I’m counting the Omer and reflecting on my garden this year: What has been accomplished, and what remains unfinished? (the metaphors abound).
The winter here in southern California is enviable to gardeners everywhere. We can plant in December what others can only begin to plant — if they’re lucky — now. Lettuces, chards, carrots and beets, and peas to name a few. By now, early May, I can start to put in summer’s heavy hitters; tomato seedlings, sweet corn, cucumbers and green beans from seed. Nature makes it easy to garden here the year round, if you can keep yourself motivated.
Last summer, the rows of corn I’d sown in the spring towered over the rest of an abundant garden, and gave us more ears than we knew what to do with. We steamed, grilled, roasted, and gave it away. I sent my five year old out to the garden before dinner to pull off a few ears and she quickly learned to sit on the back stoop and shuck them, as expertly as any farm-raised kid. We had tomatoes and tomatoes and tomatoes, summer squash, okra, zinnias and cosmos for the butterflies and for cutting, cucumbers and Japanese eggplants, Hungarian and Thai peppers and so much butternut squash we had enough to eat through November.
After Israel’s tent protests of last summer dwindled, organizers Julian Feder and Yigal Rambam wondered how they could help the movement live on. They wanted to create a concept that would embody the ethos of the protests, which started in response to the high cost of living. So, in conjunction with entrepreneur Ofir Avigad they’ve launched Tel Aviv’s first cooperative bar and restaurant.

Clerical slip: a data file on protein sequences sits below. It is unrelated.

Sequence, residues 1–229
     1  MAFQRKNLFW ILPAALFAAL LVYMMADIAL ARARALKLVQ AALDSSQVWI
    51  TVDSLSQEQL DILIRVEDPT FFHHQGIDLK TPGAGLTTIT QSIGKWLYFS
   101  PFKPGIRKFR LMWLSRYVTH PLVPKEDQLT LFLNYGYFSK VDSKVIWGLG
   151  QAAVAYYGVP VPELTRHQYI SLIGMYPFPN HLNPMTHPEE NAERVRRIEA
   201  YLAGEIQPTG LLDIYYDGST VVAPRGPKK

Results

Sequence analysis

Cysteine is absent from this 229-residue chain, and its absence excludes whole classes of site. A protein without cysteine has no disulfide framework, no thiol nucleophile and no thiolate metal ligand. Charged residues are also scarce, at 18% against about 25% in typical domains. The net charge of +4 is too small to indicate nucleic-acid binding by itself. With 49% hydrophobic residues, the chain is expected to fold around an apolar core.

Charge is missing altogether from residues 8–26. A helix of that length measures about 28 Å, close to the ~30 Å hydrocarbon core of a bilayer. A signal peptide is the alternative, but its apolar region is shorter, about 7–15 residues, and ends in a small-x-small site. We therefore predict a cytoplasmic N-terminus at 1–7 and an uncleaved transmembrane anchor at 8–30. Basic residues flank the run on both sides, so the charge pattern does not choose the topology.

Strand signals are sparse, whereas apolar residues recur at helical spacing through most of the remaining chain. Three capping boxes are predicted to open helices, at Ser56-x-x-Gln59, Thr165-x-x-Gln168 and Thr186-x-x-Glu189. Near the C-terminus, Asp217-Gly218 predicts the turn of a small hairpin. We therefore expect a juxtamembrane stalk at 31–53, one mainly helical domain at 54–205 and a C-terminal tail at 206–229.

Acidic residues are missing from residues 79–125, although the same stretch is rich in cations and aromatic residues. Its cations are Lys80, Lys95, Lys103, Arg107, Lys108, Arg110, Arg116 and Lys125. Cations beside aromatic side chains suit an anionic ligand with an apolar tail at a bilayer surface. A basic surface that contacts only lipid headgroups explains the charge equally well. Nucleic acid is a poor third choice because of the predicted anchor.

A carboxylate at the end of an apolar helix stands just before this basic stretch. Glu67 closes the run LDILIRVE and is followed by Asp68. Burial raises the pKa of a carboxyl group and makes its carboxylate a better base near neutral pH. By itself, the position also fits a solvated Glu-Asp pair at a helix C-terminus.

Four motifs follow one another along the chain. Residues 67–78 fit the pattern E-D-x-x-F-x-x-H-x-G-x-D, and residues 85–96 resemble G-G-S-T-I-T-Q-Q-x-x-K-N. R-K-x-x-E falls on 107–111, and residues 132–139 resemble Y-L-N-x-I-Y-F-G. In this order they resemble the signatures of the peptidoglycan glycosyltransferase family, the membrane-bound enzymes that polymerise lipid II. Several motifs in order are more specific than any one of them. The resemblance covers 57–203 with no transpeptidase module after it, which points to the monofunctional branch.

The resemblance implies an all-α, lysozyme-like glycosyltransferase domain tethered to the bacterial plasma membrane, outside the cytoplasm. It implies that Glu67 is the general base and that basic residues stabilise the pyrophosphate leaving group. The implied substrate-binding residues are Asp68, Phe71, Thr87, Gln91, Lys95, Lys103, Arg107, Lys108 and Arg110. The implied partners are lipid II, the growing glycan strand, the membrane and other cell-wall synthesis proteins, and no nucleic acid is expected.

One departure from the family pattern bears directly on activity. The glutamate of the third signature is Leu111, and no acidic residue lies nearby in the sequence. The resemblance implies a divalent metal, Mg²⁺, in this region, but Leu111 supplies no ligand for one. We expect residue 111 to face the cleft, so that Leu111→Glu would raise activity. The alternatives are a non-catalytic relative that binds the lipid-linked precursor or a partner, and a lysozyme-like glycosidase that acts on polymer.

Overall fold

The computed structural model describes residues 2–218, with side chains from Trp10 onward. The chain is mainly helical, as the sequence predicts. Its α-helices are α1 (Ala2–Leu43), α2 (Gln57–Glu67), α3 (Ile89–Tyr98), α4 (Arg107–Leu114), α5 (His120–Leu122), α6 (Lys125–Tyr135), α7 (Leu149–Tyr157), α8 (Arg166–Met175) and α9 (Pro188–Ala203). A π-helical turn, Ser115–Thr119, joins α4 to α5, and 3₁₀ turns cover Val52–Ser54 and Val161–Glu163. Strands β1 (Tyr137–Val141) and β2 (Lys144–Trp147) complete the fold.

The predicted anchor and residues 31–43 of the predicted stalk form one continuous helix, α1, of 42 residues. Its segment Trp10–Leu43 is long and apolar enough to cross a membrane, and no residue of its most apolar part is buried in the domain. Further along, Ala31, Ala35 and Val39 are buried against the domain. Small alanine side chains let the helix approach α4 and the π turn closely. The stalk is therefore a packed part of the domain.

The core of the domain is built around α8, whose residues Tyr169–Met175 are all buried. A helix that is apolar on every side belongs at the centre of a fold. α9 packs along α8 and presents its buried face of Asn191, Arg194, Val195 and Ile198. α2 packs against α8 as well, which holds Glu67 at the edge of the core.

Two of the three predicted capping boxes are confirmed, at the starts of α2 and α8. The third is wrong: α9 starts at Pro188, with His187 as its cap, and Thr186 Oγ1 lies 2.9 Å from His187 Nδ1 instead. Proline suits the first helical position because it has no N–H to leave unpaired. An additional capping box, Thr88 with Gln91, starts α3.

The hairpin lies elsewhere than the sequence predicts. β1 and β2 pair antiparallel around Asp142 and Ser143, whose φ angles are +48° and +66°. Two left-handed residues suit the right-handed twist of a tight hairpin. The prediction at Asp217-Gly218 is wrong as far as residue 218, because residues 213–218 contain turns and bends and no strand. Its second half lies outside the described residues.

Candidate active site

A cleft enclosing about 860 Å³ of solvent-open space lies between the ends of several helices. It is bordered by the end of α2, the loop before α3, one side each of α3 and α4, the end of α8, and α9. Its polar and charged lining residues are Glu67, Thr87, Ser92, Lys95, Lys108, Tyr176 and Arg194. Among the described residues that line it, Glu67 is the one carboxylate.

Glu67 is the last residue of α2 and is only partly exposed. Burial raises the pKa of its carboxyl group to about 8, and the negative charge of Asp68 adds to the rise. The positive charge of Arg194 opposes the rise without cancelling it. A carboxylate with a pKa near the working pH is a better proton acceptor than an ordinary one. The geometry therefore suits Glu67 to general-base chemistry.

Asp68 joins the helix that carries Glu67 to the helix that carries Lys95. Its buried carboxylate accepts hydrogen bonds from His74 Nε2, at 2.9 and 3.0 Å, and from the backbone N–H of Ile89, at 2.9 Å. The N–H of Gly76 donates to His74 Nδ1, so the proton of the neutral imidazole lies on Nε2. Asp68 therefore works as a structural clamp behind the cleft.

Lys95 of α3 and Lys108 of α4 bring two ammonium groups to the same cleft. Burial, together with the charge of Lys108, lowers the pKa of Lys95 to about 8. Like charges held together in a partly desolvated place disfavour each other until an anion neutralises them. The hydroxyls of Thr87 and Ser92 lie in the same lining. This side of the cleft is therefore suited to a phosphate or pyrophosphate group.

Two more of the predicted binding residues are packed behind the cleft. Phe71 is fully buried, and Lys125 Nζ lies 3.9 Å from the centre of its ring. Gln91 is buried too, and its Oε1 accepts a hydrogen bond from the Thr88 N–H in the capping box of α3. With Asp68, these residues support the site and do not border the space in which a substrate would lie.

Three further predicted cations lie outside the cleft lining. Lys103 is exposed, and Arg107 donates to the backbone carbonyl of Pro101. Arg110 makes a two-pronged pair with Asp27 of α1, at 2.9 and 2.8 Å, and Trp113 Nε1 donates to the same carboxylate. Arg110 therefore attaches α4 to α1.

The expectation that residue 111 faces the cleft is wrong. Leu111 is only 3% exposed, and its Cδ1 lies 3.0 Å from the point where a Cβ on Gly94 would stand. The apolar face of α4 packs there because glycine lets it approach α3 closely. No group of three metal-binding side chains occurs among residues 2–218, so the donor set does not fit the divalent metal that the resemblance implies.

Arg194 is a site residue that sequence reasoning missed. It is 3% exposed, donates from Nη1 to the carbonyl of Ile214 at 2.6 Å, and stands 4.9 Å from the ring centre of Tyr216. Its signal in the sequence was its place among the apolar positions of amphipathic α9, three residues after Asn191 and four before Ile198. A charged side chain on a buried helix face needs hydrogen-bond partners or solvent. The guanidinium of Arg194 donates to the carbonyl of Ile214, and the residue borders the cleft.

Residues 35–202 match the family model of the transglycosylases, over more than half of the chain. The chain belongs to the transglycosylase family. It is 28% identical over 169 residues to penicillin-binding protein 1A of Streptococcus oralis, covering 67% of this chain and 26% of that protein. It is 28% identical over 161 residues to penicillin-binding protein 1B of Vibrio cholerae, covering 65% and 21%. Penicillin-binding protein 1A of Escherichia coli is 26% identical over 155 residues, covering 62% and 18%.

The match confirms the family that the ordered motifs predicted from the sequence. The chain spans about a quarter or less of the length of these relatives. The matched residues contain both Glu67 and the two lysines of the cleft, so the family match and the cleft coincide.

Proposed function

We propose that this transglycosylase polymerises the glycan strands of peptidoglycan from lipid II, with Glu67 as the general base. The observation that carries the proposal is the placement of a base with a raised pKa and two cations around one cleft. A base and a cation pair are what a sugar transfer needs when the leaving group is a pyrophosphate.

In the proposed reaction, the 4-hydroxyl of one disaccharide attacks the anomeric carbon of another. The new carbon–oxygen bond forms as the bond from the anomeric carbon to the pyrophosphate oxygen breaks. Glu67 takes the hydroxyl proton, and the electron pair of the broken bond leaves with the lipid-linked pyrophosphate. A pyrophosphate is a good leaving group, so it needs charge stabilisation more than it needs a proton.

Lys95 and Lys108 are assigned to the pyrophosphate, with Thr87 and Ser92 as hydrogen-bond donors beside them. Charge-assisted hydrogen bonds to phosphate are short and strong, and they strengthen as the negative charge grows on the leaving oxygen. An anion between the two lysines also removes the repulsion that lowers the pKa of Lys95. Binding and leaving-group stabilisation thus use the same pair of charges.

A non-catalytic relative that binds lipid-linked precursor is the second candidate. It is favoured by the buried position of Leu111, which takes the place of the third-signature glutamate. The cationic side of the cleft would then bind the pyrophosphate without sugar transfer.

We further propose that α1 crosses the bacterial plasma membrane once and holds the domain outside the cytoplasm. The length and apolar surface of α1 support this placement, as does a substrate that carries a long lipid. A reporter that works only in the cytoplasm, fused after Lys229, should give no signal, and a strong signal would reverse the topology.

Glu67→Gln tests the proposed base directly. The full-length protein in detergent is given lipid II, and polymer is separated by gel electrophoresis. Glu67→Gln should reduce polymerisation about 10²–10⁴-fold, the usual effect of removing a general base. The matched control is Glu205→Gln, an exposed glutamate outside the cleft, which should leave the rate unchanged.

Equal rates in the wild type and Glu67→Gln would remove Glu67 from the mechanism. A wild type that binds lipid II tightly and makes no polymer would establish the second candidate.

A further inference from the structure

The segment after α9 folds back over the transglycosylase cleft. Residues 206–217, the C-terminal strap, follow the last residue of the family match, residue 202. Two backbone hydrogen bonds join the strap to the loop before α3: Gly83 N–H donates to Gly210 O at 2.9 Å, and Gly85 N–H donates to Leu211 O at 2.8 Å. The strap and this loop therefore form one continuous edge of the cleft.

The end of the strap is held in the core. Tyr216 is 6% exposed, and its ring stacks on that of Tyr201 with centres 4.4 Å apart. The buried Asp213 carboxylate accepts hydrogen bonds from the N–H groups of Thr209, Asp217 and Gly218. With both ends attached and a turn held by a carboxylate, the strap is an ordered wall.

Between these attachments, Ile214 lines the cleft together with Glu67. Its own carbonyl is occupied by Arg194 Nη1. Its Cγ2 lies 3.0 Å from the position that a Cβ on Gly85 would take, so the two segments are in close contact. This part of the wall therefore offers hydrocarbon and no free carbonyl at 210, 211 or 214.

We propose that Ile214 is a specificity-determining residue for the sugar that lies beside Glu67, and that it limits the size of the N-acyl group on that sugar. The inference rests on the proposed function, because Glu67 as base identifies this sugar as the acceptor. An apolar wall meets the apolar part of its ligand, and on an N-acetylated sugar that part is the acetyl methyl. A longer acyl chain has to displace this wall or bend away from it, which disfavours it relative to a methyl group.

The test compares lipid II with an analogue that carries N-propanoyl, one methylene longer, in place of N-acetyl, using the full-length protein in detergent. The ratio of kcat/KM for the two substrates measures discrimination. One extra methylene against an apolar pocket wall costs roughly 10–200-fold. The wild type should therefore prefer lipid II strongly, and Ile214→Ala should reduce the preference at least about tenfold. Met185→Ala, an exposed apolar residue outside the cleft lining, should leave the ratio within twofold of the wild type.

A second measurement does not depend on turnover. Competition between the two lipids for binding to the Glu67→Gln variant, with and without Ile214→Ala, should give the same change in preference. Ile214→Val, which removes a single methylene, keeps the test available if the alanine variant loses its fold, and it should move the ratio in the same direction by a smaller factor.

Although Bar Kayma, which means sustainable in Hebrew, was thought up by three people, everyone who purchases a share will own a bit of the restaurant and have a say in everything from how its run, to what food they will serve. The 80 people who have signed up in the three short weeks since the project started decided on making the spot vegan and committed to paying workers above average wages, both of which promote their sustainable ethos.
In addition to having the option to participate in the management of the restaurant, shareholders will also get all food and drink at the bar at cost (a significant discount), while regular customers will pay full price. Still, one of their biggest goals is that the space be affordable for everyone. They’re working on sourcing the best ingredients for the least amount of money, which is no small challenge.